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Ceramics in America 2010
Robert Hunter, ed.; Luke Beckerdite, ed.



Ceramics in America Annual

Chipstone
2010 • 300 pp. 658 illus. (626 color), 3 tables., end-paper illus. 8 1/2 x 11"
Ceramics / Decorative Arts & Material Culture


$65.00 Hardcover, 978-0-9767344-6-8



A diverse range of essays, new discoveries and book reviews on the latest research for interest to ceramic scholars. This issue is the second of two devoted to North Carolina pottery tradition.

Now in its tenth year of publication, Ceramics in America is considered the journal of record for historical ceramic scholarship in the American context.

The 2010 volume of Ceramics in America is the second of two issues to document the results of a multiyear research project on the eighteenth- and nineteenth-century earthenware traditions of the North Carolina piedmont. This issue, a companion to the 2009 volume expands, current preconceptions of North Carolina slipware by identifying other regional ceramic traditions. In tandem, the two volumes serve as a compendium catalog for the traveling exhibition Art in Clay: Masterworks of North Carolina Earthenware, sponsored by Old Salem Museums & Gardens, the Chipstone Foundation, and the Caxambas Foundation.

Setting a new standard for American ceramic studies, this transdisciplinary effort draws on archaeology, art history, religion, ceramics, technology, and many other areas of inquiry resulting in a substantively revised history of this much-admired North Carolina pottery tradition. Many examples of highly decorative slipware and intriguing figural bottles are illustrated here for the first time with the precise color photography of Gavin Ashworth.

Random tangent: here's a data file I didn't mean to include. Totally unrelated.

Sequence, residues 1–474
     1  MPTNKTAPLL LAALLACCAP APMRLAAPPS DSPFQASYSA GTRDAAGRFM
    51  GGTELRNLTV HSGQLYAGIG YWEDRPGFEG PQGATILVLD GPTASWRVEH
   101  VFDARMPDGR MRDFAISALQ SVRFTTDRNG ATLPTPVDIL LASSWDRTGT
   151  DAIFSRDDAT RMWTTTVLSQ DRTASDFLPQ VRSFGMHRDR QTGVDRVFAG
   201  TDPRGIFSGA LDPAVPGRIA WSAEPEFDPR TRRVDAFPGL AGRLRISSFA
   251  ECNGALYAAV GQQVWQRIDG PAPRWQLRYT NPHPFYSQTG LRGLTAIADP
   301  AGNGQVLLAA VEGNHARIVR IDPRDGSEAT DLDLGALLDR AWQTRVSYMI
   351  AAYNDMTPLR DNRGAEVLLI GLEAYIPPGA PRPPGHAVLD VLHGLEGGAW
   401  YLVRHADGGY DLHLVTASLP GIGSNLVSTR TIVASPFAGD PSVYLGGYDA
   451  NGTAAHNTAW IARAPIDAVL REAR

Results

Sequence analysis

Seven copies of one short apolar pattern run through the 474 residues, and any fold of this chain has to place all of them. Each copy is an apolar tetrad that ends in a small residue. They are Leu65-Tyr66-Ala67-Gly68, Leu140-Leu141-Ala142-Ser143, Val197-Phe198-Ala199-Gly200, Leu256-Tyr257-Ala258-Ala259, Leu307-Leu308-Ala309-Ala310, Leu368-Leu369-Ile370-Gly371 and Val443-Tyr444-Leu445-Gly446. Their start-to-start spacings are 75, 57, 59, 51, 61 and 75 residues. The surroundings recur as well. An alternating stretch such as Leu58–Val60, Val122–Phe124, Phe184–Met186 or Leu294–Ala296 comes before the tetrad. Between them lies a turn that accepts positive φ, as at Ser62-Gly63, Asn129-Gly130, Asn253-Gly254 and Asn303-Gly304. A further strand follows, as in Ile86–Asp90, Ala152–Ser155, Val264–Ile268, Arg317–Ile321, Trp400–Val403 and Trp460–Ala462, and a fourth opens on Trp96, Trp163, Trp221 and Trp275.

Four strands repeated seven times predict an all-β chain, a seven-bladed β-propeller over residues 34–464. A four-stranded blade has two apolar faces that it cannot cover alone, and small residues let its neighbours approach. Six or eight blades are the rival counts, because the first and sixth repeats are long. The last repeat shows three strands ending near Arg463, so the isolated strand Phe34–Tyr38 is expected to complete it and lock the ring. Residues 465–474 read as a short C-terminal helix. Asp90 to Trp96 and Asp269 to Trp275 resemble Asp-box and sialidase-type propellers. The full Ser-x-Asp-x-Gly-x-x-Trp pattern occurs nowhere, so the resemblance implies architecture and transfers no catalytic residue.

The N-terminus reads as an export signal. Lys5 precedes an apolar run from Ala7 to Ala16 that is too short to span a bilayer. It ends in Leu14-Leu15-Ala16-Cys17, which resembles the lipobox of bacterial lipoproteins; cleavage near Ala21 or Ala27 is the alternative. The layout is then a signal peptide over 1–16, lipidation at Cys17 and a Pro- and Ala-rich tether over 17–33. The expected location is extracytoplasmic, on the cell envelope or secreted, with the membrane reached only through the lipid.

Forthcoming issues of Chipstone's American Furniture and Ceramics in America annuals are also available at reduced prices by subscription.

Click here for TABLE OF CONTENTS

Reviews / Endorsements



“As recently as the 1970s American ceramics history was Yankee-centric, with Southern pottery virtually terra incognita. Since then, ceramics research in our Southern states has been catching up, and this issue of Ceramics in America does a tremendous service by correcting what until now have been major misattributions of certain examples of North Carolina earthenware; we now know that pieces thought to be Moravian are not, but have similar Germanic roots. There was, as well, a British earthenware tradition in North Carolina that likewise employed slip decoration, also explored here. All in all, the 2010 volume is a revelation.”—John A. Burrison, Georgia State University, author of Brothers in Clay: The Story of Georgia Folk Pottery and From Mud to Jug: The Folk Potters and Pottery of Northeast Georgia

“Each year Ceramics in America opens a window on various aspects of American life—public and private, imported and native, industrial and aesthetic, social and economic—and on all cultures betwixt and between. This issue complements last year’s volume on Moravian craftsmanship by oVering reams of information on newly identified potters who worked outside the Moravian mantle. The art and artisanship of this early pottery is eye-popping and deserves a prominent place in the ceramics bibliography—and on your bookshelf!”—Philip Zea, President, Historic Deerfield, Inc.



Author Photo

Editor ROBERT HUNTER is a Fellow of the Society of Antiquaries of London and an archaeologist and ceramic historian living in Williamsburg, Virginia. He was the founding director of the Center for Archaeological Research at The College of William and Mary, and served on the curatorial staff at the Colonial Williamsburg Foundation. LUKE BECKERDITE is editor of American Furniture and a decorative arts scholar living in Williamsburg, Virginia.



Wed, 18 Oct 2017 13:18:54 -0500